The Giant of Rotok | 10 January 4/685

The view from inside a cave set in forested hills with a pond at the entrance.
The Giant’s Cave

Dearest Jowan, Cora, and patrons of the Unarkida

Recommended: Read Extract No. 1 here, if you haven’t already.

Derrik’s story would have seemed farfetched in 3/115 had it seen the light of day. We still had so much to learn. Incidents like this were a precursor to much more significant events in the following decades.

Look upon the Titans, the builders of Unara.
Giants at their feet, caretakers of this world.
She, the light that charges them in life.
He, the shadow consuming in death.

Translated from the Araki Verses

Extract No. 2 from the journal of Derrik Sandar, an Officer of the Agriculture & Wildlife Council of Dax.

Day 203 – 22 July 3/115 – Case 2/58/3/115

Case: Reports received of bear attacks in the foothills of the Diamond Hills, outside the village of Rotok

Summary: With a night’s rest behind me, I feel I need to restate the facts.

Firstly, we have a missing child (Lea Haldar). Ascertaining her status is my priority.

Secondly, we have a bear, one of larger than average proportions, roaming the forest near the Village of Rotok.

An assessment must be conducted regarding the danger to local livestock and the villagers.

My first course of action today is picking up the trail left by the bear in the hope of discovering the child’s fate.

Day 205 – 24 July 3/115 – Case 2/58/3/115

Notes continued:

I have spent the last two days trying to come to terms with what I witnessed on the morning of the 22nd of July. I have yet to report back to the Council and haven’t decided how complete or accurate my final report will be. This will be my first effort to record the events of that day as they took place. Let’s see how this reads.

On the morning in question, following breakfast, I headed back to the Montral Farm. The farmer, Kestin Haldar, father of the missing child, was waiting for me. He had armed himself and was preparing to accompany me. I had to inform him that I could not allow him to do so. Not knowing what I might find or his state of mind, I could not risk it. He did not understand, but complied.

The trail was easy enough to pick up and I tracked it several kilometres into the forest in the morning light. There was no evidence yet of any harm coming to the child after she vanished from the scene of the violence. No blood nor any evidence of her, only the creature’s tracks.

The trail led me deep into the forest to an area known for large caves and waterfalls. According to my investigation, this area is the subject of much superstition among the locals in Rotok. Stories are told of missing campers, vagrants and lost adventure-seekers going back to the Second Age.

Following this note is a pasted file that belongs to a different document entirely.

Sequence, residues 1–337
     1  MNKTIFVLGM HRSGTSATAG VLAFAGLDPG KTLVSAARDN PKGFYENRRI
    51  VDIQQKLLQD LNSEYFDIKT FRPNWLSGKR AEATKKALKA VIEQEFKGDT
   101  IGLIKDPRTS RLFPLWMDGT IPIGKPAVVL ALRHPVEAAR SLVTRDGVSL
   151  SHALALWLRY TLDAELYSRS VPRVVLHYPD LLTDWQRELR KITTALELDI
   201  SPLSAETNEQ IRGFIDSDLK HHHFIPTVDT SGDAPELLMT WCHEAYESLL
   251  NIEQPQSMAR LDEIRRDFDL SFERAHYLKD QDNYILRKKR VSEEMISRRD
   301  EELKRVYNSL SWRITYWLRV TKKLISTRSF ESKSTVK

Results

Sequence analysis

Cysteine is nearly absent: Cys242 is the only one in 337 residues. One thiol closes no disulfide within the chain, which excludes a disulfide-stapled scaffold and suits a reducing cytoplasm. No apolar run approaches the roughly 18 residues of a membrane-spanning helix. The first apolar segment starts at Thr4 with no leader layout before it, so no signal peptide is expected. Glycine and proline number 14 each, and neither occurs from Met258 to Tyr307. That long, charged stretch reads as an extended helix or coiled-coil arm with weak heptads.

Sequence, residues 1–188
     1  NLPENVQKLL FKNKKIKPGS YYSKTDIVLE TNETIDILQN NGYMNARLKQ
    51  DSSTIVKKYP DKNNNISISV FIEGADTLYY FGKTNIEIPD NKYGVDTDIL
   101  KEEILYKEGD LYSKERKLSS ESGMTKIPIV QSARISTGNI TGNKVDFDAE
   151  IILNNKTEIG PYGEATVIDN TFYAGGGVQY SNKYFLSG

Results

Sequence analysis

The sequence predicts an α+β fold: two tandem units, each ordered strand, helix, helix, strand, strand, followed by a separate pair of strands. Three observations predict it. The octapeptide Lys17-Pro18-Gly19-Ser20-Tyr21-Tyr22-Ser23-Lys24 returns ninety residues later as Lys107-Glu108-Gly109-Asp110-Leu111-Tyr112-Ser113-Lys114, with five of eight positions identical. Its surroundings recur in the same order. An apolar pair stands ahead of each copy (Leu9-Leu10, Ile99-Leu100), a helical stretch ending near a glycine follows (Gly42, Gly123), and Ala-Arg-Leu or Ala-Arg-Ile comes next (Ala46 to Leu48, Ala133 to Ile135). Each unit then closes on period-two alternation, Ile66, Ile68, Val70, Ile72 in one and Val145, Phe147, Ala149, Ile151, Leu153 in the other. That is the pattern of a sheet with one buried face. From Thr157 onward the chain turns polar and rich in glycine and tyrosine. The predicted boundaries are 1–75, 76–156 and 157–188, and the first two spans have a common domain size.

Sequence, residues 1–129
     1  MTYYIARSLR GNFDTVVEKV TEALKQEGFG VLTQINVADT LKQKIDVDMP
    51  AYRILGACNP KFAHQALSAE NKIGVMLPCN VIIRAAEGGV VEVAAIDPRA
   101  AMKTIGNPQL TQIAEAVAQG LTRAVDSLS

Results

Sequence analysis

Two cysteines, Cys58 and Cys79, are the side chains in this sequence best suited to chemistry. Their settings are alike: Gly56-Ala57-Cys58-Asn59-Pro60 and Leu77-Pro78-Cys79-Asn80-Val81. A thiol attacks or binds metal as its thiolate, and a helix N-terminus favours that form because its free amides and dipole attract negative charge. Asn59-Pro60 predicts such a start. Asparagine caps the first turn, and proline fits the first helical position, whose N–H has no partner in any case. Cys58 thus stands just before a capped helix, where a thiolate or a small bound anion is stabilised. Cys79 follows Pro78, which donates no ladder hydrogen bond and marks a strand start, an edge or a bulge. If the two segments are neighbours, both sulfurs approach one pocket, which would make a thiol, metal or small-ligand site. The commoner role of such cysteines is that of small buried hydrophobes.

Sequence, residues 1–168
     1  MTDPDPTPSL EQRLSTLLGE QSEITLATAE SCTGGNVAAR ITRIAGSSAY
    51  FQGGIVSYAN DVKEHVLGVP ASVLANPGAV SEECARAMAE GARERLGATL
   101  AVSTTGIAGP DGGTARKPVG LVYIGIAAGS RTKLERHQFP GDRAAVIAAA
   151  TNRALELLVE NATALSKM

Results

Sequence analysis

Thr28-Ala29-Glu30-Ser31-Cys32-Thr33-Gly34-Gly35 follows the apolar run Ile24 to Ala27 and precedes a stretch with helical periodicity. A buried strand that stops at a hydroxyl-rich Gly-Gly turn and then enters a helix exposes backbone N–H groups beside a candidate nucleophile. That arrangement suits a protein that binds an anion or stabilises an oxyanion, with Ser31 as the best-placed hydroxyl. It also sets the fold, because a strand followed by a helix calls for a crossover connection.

I came to the edge of a large pool. It was dammed up by a series of fallen boulders and set before what looked to be an extensive cave system. The tracks entered the pool, so ending the trail. There did not seem anywhere else for the creature to have gone but into the caves.

I know better than to enter the cave of a bear without exploring the surroundings and conducting some observation first. The last thing one wants is to be trapped between a bear and its home, or worse, its young.

First, I walked a broad sweep in both directions, finding nothing of note. After that, I found a high point overlooking the cave entrance. A mound of fallen rock and boulders served me well. I observed for about two hours before I considered approaching the cave.

Only, there was no need to because I now heard signs of life from within. A familiar rumbling growl reverberated around the small clearing.

The sound was familiar enough that I could confirm it was something like a bear I was dealing with, but it was remarkable in its volume and melody. I say melody because it was more song-like than any regular bear grunt or call I had heard before.

The creature emerged from its cave. I will do my best here to describe it as accurately as I can. I have been struggling to find the words.

My size estimate back at the farm was a touch conservative, but not by much. Of one thing I am certain, it looked like a bear, though none I believe to be on the official record.

There are myths of ancient creatures. Giants of earlier epochs, wolves, antelope, whales and more. Bears too. I believe that in those stories, they were called Grootbears. I remember reading these stories in my studies before those books were banned and destroyed.